Looks like there’s a gap in the market – partially filled

Posted: August 7, 2011 in Dissertation, Kinect
Tags: , , , ,

It’s three days since I somehow managed to get my KinectDTW project onto the SlashDot front page, and I’m still trying to get my head around the response. 220 release downloads and 60 grabbed the source from the repo. Ok, so far from Earth-shattering figures, but I think it shows healthy enthusiasm for what I’m trying to achieve here. That is to say I wanted to give people a tool to get them started with making their own Kinect-based gesture control systems.

I’ve had lots of feedback to, almost universally positive. And any detractors just don’t like Microsoft or the Kinect, nothing bad about the KinectDTW project itself. So the next challenge must be to become established in the community, rather than just a novelty factor. I’ve no idea how to do this, but I’ll work something out. A few well-placed links will be a good start, but then I will need to follow this up with improving the system, perhaps making it open-standards, and definitely by responding to feedback.

So if you’re yet to see it, check out KinectDTW.codeplex.com. It’s far from perfect, but that’s kind of the point: I’d love the community to pick this up and roll with it.

  1. paul Macefield says:

    HI Steve,

    wow it is all happening for you.

    Perhaps twitter if you haven’t already

  2. paul Macefield says:

    and make sure you patent your idea, seriously or at least register it with patent office

  3. Caddy says:

    just leaving you some feedback. i’ve been looking for random code samples for kinect stuff, (i’m also fucking about with kinect for my masters dissertation :) ) thougt it might be better if you used an sqlite db to hold the gestures, that way you can easily seperate them, and you’ll also know what point of data relates to what point on the skeleton at a glance, rather than just a bunch of numbers.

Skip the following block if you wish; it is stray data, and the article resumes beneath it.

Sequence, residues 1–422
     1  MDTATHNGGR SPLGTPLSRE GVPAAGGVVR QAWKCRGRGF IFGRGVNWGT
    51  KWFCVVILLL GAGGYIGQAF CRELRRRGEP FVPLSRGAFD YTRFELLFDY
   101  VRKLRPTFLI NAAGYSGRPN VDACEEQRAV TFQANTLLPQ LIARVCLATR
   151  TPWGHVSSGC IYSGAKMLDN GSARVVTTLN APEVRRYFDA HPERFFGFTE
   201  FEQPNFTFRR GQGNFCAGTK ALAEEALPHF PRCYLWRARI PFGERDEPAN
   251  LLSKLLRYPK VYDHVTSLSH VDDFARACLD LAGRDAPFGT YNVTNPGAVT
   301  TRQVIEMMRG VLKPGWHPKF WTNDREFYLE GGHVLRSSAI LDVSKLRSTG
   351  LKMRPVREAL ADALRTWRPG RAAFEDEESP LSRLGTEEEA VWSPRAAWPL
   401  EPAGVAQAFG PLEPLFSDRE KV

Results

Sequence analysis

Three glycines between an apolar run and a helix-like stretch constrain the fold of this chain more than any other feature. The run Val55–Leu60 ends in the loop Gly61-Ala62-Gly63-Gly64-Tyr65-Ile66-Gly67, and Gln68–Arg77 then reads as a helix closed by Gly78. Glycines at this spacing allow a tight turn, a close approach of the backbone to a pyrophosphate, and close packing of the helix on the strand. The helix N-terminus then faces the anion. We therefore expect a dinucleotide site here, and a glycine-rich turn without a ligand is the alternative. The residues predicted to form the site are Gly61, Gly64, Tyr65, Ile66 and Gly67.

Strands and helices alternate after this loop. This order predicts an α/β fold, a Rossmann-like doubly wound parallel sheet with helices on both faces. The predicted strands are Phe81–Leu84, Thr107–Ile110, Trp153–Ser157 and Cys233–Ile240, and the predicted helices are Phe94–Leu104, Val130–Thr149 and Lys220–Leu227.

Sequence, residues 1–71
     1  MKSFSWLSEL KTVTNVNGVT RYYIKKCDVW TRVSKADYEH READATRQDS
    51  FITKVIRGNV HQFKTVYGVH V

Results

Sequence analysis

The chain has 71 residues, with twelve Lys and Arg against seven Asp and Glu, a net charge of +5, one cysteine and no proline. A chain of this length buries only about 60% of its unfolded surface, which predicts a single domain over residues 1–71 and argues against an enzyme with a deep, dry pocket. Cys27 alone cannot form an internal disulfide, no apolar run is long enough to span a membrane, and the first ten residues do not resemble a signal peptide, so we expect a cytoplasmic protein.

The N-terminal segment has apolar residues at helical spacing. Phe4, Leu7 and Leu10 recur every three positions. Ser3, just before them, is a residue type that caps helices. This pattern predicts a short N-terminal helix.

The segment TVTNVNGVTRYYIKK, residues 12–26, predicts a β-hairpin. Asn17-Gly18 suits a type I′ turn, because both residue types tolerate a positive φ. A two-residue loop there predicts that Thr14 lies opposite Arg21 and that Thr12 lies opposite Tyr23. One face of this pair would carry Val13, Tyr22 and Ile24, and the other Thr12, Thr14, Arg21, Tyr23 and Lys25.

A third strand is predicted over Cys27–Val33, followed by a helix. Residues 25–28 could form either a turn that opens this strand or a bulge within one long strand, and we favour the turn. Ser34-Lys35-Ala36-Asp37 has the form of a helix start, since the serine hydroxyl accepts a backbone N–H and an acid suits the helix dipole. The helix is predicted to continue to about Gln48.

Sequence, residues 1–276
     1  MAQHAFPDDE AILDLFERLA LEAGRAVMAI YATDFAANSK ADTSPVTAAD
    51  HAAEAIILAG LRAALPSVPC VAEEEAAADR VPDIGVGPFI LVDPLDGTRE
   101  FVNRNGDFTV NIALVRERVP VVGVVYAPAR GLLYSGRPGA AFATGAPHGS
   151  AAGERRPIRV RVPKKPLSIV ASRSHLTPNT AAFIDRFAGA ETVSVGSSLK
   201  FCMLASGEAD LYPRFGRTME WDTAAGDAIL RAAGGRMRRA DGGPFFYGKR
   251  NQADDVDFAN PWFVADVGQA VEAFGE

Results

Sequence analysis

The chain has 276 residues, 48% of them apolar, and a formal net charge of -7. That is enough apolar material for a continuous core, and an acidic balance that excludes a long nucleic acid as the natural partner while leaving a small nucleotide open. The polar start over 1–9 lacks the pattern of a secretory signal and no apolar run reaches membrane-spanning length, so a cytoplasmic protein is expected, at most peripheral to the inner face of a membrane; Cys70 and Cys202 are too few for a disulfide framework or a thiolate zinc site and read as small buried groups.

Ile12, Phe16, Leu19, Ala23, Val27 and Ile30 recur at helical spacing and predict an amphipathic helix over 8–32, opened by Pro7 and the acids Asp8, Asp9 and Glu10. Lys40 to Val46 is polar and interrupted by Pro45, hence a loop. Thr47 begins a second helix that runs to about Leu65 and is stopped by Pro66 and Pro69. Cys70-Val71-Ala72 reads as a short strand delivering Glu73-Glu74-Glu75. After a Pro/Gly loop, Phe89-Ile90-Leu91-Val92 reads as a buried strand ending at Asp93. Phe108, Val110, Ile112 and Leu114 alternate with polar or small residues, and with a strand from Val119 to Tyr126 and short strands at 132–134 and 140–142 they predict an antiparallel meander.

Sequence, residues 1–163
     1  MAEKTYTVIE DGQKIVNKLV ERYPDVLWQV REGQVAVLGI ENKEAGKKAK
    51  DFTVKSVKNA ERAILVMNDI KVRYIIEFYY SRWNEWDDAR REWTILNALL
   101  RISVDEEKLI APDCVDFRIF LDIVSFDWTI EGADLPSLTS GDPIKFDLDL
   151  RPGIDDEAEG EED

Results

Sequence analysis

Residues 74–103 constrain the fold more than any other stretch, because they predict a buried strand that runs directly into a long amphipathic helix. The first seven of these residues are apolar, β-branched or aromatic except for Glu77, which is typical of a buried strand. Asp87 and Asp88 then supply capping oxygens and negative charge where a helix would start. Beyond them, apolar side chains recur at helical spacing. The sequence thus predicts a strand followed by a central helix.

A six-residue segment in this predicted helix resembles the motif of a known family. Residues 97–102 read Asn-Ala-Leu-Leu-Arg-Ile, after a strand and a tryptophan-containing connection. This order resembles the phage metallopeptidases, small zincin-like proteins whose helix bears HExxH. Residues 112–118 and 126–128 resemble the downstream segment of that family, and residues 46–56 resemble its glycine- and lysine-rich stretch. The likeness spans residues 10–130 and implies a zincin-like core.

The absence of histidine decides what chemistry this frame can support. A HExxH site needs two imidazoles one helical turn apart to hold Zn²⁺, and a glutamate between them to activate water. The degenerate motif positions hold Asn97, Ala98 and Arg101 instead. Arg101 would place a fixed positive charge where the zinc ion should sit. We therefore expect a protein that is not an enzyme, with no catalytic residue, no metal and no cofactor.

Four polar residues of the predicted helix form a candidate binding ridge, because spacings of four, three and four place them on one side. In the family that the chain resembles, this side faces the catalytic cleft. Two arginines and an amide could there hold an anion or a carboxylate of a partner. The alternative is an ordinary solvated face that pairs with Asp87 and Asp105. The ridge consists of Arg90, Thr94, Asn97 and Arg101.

cheers for Open sourcing this, and i hope everything goes well.

    • rymixxx says:

      Hey, thanks for the feedback. Yeah, DB is a wise move. I haven’t done this yet as frankly I’ve run out of time. I need to get cracking on the data collection and write-up part of my project, but it would be easy to do. Also, I used the file output just for ease of circulation within the community. When it comes to working with the data in real time, I think in-memory is the way to go. Whilst the computations are very simple, there are a lot of them, and you don’t want IO/queries to get in the way. Having said that, you could have thousands of different gestures (or versions of the same gesture). Performance would take a hit pretty quickly. But yeah, holding them in a DB is a good step.

      Also, as I said in the documentation for this, there are a million things to do to improve this, not least having variable length gestures, 3D gestures, tweakable parameters on a per-something basis (i.e. per gesture, per skeletal shape, per time). You could also hook this up into some sort of lookup tree to improve processing time (random decision forest, maybe?). Or perhaps only assess every n frame on the first iteration, then get into more detail as you home in on the intended gesture.

      But my ideas are bigger than a Level 4 Dissertation :) I need to realise when to stop…

      Good luck with yours. Steve.

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